Anti-government protests in Iran have entered their third week despite strict internet restrictions and a crackdown, human rights groups said dozens killed.
Other forms of civil disobedience, such as B. Residents chanting from rooftops, motorists honking their horns in unison, and public figures supporting the protesters have emerged.
Solidarity demonstrations took place around the world on Saturday, including in Rome, London, Frankfurt and Seoul.
The protests were sparked by the September 16 death of Mahsa Amini, a 22-year-old woman who was detained for allegedly not covering her hair properly. She later died in the custody of Iran’s Morality Police.
While Iran’s strict internet restrictions make it difficult to gauge the scale of the protests, said Hadi Ghaemi, director of the Center for Human Rights in Iranan independent organization based in New York, said the protests would “certainly continue”.
Related story: Iran protests furiously as family says police tortured and killed woman over scarf
He pointed to a “bloodbath” on Friday in the southeastern Iranian city of Zahedan that reportedly killed at least 19 people following a standoff between protesters and police. He said the protests were directly linked to Amini and the rape of a 15-year-old by a police commander.
As in the earlier days of the protests, recent videos show that many of the protesters are women.
They have led and marched in demonstrations, cutting their hair in public and dancing with their exposed locks despite the Islamic regime’s strict moral codes.
“We keep getting a lot of videos that show women are fearless,” said Masih Alinejad, an Iranian journalist and activist who fled Iran in 2009 and now lives in New York. “They approach the security forces fearlessly. It seems like this time people have made up their minds.
These days, Alinejad spends day and night posting images of the protests and other protest actions to her millions of followers on social media. The Iranian regime made it a crime for Iranians to send her videos. It’s also made her a target, even in New York City, where she spoke to CBS News from an FBI safe house. But she said she wasn’t afraid.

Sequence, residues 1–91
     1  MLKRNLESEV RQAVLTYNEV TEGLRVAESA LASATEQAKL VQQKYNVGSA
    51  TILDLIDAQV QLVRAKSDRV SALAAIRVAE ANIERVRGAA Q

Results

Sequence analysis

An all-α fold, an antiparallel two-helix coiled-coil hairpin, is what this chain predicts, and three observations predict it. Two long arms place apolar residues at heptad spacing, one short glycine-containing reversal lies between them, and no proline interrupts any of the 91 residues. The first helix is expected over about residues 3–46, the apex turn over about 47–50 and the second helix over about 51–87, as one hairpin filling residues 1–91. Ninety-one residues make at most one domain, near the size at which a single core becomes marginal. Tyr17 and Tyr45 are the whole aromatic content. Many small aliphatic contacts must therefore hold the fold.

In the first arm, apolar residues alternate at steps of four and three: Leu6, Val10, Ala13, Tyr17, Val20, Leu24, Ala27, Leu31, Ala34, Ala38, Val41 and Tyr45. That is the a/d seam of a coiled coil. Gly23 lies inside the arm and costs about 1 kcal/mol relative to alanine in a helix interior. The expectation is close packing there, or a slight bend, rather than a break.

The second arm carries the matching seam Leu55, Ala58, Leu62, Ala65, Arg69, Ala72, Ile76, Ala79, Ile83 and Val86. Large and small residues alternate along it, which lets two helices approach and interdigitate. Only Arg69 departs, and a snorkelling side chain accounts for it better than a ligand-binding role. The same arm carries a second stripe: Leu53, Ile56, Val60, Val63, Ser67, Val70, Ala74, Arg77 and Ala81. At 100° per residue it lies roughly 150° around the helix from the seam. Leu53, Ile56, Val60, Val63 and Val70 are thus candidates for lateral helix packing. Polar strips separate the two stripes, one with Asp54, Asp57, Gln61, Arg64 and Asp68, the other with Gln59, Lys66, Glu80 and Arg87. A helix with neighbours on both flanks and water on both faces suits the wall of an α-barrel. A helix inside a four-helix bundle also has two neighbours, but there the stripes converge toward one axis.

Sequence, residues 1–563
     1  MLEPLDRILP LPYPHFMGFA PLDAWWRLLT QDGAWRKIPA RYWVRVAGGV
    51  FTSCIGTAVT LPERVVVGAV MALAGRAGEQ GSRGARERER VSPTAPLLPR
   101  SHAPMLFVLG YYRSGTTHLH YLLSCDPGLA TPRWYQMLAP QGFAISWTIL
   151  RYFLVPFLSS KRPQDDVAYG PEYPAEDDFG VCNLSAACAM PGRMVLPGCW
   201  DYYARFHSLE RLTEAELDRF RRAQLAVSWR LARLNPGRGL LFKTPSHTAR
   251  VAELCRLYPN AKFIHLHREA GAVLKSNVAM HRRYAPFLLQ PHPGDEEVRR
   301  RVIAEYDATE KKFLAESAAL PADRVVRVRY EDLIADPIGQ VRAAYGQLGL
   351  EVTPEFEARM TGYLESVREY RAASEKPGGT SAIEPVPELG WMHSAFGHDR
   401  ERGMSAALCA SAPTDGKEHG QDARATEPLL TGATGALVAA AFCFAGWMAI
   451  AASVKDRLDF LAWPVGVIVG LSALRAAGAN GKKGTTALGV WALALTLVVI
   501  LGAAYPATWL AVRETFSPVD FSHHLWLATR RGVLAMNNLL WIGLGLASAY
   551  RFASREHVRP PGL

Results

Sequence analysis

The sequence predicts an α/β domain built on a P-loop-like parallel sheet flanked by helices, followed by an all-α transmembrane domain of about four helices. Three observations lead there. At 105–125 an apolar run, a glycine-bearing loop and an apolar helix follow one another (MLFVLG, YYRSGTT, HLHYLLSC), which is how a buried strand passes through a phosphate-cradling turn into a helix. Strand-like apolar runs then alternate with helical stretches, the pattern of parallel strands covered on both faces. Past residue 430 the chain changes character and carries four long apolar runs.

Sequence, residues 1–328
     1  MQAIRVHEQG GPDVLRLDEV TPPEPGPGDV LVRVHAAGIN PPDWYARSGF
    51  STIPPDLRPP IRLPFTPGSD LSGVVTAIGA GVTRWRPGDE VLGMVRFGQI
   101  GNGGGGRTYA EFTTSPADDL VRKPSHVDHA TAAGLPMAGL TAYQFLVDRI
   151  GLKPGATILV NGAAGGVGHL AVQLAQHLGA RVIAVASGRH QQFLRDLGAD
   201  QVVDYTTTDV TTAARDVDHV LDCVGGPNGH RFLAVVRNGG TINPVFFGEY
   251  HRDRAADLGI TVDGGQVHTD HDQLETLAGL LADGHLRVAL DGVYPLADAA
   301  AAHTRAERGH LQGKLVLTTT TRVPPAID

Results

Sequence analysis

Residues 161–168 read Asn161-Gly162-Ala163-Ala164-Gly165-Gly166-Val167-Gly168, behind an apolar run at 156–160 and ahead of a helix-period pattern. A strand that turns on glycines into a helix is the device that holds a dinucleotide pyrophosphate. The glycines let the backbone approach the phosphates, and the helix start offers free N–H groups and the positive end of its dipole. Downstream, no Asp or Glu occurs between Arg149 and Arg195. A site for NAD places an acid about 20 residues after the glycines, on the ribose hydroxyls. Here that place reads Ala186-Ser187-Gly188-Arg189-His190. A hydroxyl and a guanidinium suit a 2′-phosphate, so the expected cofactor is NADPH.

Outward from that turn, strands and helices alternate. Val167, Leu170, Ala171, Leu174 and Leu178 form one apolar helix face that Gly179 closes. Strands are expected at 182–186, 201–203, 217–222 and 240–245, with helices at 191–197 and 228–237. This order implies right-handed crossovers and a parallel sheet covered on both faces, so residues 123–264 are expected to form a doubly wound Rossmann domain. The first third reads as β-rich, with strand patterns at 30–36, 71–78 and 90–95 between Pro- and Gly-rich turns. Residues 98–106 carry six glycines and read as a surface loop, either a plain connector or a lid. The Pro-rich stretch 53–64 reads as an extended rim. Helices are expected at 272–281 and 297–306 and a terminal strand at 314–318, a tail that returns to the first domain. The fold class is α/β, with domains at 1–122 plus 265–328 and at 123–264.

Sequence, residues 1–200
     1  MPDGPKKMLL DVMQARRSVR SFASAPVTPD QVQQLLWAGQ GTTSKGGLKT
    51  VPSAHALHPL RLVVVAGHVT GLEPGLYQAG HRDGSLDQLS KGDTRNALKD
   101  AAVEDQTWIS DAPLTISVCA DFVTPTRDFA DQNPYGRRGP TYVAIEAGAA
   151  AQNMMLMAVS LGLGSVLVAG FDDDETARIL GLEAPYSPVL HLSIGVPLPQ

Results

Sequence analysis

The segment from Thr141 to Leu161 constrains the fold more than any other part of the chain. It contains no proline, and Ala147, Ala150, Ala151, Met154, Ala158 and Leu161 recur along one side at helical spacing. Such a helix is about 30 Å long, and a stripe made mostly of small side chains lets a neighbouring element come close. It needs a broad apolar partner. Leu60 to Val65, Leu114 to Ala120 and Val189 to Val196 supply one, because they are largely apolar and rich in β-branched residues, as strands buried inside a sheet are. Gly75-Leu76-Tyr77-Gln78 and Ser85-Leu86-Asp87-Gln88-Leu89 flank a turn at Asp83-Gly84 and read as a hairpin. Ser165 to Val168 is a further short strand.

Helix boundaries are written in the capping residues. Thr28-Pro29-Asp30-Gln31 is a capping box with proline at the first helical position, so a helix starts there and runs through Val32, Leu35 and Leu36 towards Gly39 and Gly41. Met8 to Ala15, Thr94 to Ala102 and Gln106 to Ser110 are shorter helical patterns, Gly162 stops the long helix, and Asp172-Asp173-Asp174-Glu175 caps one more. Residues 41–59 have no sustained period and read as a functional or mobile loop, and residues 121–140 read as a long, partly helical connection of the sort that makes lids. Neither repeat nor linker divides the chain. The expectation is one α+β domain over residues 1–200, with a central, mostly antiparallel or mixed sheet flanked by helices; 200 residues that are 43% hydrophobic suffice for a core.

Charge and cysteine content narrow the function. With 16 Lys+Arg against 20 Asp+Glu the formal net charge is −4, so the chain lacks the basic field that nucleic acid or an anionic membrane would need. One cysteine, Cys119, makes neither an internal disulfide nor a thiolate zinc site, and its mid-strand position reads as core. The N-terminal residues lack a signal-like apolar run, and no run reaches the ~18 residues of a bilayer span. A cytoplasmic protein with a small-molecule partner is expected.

“My real leaders are these women and men in Iran,” she said. “I’m not doing anything, just using my freedom in the US and giving her voice back.”
In recent years, women in Iran have taken part in other nationwide protests. But this time the spark was the death of a woman, and a journalist – Niloufar Hamedi of Shargh daily – broke the story. She was arrested and placed in solitary confinement in Tehran’s notorious Evin prison.
Hamedi is one of at least 19 journalists – including seven women – who have been arrested across the country since the protests began Reporters Without Borders. (The Center for Human Rights in Iran puts the number at 25 or higher.)
“This is the first time that women have burned their headscarves shoulder to shoulder with men in large numbers,” said Alinjead, who runs an online campaign called “My Stealthy Freedom,” which shares images of girls and women in Iran who are making fun of them the hijab rules. “[The hijab] is the mainstay of the Islamic Republic, so they firmly believe that by burning headscarves they are actually shaking the regime.”
In the decades leading up to the 1979 Islamic Revolution, women on the streets of Iran wore both the hijab and the latest Western fashions. But soon after the revolution, the new Islamic regime decreed that women – and girls from an early age – had to cover their hair and bodies in public. Hardliners have proclaimed that the hijab protects women’s honor, but for many protesters it is a symbol of oppression.
Women demonstrating want a choice about whether or not to wear the hijab, said Azadeh Pourzand, co-founder of the US-based Siamak Pourzand Foundation, which campaigns for freedom of expression in Iran.
“It’s essentially about women feeling humiliated and women feeling compelled to do something that they may or may not want to do,” said Pourzand, who is also a PhD researcher at the University of London specializing in women’s activism in Iran concentrated.
While Iranian women have pushed for legal reforms for years, very little has been achieved, she said. Women are present in society, particularly in higher education, but family and labor laws remain deeply discriminatory against women, as do norms and practices, she said.
Still, Pourzand pointed out that the protests had united Iranians of different ages, ethnicities and cities. In addition to demanding women’s rights, the demonstrators are also protesting against political repression, corruption, Iran’s struggling economy and a climate crisis stemming from mismanagement.
Alinejad wants Western countries to sever ties with the Islamic Republic of Iran and “recognize the Iranian uprising.”
Young Iranians demonstrating in the streets believe that “history will judge those democratic countries that can help us but have chosen to help our killers,” she said, adding, “They say: … ‘We are willing to die for the future of Iran. for having a better country to live in.’”
A teacher, who spoke to CBS News on condition that her name not be given, said she twice took her daughter to protests in Tehran.
“For 43 years we’ve lived and slept in fear, so much so that we’ve gotten used to it,” she said. “But now we’re not afraid anymore.”